In warm conditions, many paddlers like sandals because they're light and airy.
- For use in water, select polyurethane footbeds, not suede.
- If the sandals don't have loops over the big toes, you can wear them with neoprene socks in colder conditions.
Hard vs. Soft Soles
- Soft-soled footwear flexes easily, great for kneeling in a canoe.
- Hard soles protect the bottom of your feet better when portaging over rocks or when slamming against the footpedals after drops over waves or waterfalls.
- Many whitewater play boats are too small to comfortably accommodate hard-soled shoes. Soft-soled neoprene booties are a good option (available with Kevlar®-reinforced heels and soles for durability). Stow a pair of sandals in the back of the boat for walking over rocks.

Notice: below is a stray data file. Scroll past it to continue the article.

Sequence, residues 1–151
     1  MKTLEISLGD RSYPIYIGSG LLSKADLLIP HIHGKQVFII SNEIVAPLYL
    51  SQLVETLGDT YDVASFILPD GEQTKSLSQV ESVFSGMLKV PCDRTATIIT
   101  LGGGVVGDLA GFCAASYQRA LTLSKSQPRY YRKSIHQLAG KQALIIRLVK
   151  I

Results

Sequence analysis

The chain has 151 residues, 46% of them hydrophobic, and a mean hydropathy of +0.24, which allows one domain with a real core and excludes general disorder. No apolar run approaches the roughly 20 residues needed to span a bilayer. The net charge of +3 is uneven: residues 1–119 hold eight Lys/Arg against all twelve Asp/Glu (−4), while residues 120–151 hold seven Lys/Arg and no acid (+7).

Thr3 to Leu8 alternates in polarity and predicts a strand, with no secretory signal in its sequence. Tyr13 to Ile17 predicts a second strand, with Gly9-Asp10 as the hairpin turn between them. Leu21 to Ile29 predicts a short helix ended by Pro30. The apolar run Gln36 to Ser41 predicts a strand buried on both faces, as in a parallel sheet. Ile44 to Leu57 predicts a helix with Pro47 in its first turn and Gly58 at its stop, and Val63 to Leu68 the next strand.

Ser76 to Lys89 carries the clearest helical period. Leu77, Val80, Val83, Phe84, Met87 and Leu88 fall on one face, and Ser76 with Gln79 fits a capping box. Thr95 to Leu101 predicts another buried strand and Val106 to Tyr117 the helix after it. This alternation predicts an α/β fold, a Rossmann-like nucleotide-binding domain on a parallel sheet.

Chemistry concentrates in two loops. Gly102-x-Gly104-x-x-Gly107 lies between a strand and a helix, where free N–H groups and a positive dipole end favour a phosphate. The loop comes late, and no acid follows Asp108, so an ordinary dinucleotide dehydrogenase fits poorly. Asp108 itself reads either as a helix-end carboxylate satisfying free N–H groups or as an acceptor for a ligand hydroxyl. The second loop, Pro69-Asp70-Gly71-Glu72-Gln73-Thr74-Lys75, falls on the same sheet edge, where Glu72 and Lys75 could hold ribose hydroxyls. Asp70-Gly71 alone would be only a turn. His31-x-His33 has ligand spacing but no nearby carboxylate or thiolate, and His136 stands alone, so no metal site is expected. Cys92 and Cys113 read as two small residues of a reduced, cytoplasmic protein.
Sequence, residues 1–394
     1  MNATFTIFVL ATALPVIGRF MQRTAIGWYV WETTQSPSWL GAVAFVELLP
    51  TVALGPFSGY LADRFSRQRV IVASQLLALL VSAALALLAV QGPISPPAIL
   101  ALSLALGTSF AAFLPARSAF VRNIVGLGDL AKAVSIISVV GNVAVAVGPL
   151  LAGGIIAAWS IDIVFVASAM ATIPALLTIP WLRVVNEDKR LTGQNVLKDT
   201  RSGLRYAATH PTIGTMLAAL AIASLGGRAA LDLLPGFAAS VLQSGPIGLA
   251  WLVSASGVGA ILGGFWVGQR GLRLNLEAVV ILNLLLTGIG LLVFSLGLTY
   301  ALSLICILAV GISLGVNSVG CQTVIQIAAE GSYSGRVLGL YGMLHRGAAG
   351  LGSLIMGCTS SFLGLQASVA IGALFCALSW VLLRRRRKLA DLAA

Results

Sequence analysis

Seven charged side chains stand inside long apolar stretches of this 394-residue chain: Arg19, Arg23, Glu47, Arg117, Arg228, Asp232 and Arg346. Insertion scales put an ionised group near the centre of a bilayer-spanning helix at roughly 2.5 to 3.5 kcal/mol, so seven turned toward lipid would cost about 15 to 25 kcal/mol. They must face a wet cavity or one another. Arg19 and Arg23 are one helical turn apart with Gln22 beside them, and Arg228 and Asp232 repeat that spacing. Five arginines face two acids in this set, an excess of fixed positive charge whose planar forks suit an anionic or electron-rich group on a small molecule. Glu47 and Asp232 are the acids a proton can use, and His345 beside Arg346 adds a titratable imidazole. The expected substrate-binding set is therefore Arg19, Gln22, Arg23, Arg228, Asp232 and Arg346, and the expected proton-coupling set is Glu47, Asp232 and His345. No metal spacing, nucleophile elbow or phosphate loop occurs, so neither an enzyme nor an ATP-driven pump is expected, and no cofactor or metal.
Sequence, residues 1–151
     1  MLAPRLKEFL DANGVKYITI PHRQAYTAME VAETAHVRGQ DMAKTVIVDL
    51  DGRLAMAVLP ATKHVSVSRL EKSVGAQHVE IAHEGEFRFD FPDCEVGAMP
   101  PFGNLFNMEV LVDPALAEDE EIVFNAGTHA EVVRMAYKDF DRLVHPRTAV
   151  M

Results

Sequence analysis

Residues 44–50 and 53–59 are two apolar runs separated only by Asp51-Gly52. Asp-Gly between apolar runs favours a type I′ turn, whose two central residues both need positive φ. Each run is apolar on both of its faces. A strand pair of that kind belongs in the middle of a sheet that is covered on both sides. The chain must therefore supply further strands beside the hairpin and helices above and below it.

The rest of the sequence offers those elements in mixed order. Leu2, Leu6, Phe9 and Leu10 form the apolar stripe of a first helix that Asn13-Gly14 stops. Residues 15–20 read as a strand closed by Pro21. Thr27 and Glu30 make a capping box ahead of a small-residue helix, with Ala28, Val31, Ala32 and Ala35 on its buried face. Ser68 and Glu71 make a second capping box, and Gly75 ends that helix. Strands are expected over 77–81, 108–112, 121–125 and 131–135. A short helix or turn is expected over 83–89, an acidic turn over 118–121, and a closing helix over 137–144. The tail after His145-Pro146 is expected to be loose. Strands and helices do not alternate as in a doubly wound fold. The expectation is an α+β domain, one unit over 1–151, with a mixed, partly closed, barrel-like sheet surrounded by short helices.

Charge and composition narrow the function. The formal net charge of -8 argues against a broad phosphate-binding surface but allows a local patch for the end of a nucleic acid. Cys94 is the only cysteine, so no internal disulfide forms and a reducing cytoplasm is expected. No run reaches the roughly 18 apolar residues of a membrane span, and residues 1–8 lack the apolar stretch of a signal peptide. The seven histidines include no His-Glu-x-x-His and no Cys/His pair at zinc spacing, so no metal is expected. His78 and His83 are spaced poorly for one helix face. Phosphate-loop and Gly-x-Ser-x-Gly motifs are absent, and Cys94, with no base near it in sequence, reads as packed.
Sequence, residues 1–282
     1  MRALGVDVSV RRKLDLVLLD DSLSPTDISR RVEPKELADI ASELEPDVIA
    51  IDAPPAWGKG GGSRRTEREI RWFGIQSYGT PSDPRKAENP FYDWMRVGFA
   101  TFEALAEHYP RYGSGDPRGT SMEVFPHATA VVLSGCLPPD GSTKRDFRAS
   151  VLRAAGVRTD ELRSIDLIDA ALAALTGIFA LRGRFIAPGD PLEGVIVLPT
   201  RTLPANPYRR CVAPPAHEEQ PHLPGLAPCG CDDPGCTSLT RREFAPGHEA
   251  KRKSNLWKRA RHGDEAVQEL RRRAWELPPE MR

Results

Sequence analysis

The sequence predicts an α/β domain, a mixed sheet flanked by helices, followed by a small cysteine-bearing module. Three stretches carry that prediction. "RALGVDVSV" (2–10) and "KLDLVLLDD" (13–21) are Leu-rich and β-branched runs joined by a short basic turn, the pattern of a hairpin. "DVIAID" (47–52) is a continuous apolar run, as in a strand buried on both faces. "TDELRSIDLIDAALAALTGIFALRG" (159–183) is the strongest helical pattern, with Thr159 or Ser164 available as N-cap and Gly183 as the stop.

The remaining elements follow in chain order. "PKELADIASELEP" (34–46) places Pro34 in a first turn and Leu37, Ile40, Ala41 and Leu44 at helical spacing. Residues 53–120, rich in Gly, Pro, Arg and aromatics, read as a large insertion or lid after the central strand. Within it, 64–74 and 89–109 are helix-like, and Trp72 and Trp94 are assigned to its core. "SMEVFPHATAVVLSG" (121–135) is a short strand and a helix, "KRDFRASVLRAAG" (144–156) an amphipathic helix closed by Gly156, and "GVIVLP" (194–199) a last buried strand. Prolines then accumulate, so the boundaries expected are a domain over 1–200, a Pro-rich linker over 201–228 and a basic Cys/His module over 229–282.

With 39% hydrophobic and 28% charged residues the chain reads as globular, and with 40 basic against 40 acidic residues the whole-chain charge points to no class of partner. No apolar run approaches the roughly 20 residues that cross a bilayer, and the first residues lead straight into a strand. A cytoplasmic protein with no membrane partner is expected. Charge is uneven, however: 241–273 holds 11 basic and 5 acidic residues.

- Stiffer uppers offer more ankle support when wading or portaging, but are not as comfortable when kneeling.
- Neoprene socks under a pair of old running shoes offer a bit more ankle support.
Cold Weather Footwear
- Many cold weather paddlers favour high-cut "semi-dry" neoprene boots, which are more flexible and comfortable than Wellingtons or yachting boots.
- Ankle seals on high-cut boots withstand wave splashes and quick dunks, allowing you to wade in several inches of water during launches or landings.
- Even if water does slop into the tops, the boots retain considerable warmth.
On longer paddling trips, when your feet are damp and enclosed all day, athlete's foot is a distinct possibility.
- Go barefoot as much as possible at lunch stops and at the end of the day.
- If going barefoot is impractical, change into dry socks and footwear once you're off the water.
- Be sure your feet are completely dry before going to bed.
- Some paddlers apply anti-athlete's foot powders or creams at the beginning of each paddling day.